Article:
MAYHEM AND DUPLICATIVE CHARGE

In  Commonwealth v. Forbes (2014), affirmed the defendant’s conviction of mayhem, G.L. c.265, §14 (first theory), but vacated his conviction of assault and battery causing serious bodily injury, G.L. c.265, §13A(b)(i).  The case arose from an incident in which the defendant got into an argument with a coach of the opposing team in his son’s basketball game, and bit off a part of the coach’s ear.  He was charged with mayhem and assault and battery causing serious bodily injury.  Under the statute, mayhem will provide punishment for “malicious intent to maim or disfigure another person.” The defendant argued that he had not, since he only bit off a portion of the ear.   The Court rejected the defendant’s “argu[ment] that because it is undisputed that he bit off only a portion [of] the victim’s ear, he cannot reasonably be said to have cut off or torn off ‘an ear.’” In the Court’s view, “one need not cut off or tear off an entire ear to be guilty of mayhem. Simply put, we think that interpreting ‘an ear’ as necessarily denoting an entire ear ascribes to the word ‘an’ a mathematical precision that was never intended…. Certainly, we would not hesitate to affirm a mayhem conviction, for instance, where the defendant had removed all but a tiny portion of the victim’s ear. At least where, as here, the evidence shows that the defendant severed a substantial portion of the victim’s ear, we conclude that a jury reasonably could have concluded that the defendant’s actions amounted to ‘cut[ting] or tear[ing] off an ear.’”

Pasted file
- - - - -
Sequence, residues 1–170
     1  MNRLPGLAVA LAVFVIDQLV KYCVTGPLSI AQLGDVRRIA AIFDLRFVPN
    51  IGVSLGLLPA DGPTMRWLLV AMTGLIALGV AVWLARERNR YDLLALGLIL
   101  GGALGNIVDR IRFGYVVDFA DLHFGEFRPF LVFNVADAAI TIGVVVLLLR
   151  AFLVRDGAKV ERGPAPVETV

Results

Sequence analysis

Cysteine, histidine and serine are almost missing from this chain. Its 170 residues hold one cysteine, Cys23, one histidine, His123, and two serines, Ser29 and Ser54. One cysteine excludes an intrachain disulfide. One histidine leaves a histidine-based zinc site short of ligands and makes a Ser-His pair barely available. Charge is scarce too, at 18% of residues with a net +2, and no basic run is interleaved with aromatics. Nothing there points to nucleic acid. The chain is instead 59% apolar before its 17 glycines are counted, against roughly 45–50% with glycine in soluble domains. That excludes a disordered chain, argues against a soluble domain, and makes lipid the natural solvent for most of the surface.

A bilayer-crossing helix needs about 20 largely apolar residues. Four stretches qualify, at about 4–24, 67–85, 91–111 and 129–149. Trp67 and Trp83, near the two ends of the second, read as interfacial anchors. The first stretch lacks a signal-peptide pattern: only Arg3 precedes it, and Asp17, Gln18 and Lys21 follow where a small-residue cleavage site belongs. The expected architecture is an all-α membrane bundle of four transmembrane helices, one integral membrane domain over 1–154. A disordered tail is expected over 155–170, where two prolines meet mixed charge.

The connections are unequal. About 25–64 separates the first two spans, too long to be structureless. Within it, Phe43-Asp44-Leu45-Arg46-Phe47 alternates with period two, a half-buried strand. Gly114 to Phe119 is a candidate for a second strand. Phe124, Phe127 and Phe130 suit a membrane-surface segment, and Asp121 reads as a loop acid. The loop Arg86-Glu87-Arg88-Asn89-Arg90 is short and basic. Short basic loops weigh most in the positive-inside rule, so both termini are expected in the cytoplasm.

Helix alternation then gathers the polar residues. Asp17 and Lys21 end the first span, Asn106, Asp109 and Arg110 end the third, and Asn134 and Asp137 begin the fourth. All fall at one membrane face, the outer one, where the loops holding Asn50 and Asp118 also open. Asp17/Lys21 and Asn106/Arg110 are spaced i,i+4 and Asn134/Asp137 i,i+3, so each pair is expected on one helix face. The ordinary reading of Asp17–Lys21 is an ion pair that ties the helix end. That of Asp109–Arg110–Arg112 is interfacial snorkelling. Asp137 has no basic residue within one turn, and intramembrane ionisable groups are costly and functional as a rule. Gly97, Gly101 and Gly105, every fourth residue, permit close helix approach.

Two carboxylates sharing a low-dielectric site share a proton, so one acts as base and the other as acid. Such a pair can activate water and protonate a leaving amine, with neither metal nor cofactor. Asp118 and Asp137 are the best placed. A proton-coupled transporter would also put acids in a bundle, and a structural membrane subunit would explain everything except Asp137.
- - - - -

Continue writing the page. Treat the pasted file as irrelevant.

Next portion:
The Appeals Court ruled that the defendant’s conviction of assault and battery causing serious bodily injury had to be vacated because it was duplicative of the conviction of mayhem (first theory). In reaching that conclusion, the Court “appl[ied] the ‘long-prevailing test’ that asks ‘whether each crime requires proof of an additional fact that the other does not.’ Commonwealth v. Crocker, 384 Mass. 353, 357 (1981).” The Court concluded that “[w]hile mayhem (first theory) contains an element — specific intent to maim or disfigure — that is not contained in assault and battery causing serious bodily injury, the converse is not true…. [T]he Commonwealth could not prove that a defendant committed any of the enumerated offenses under the first branch of the mayhem statute without also proving that he committed an assault and battery causing serious bodily injury.”

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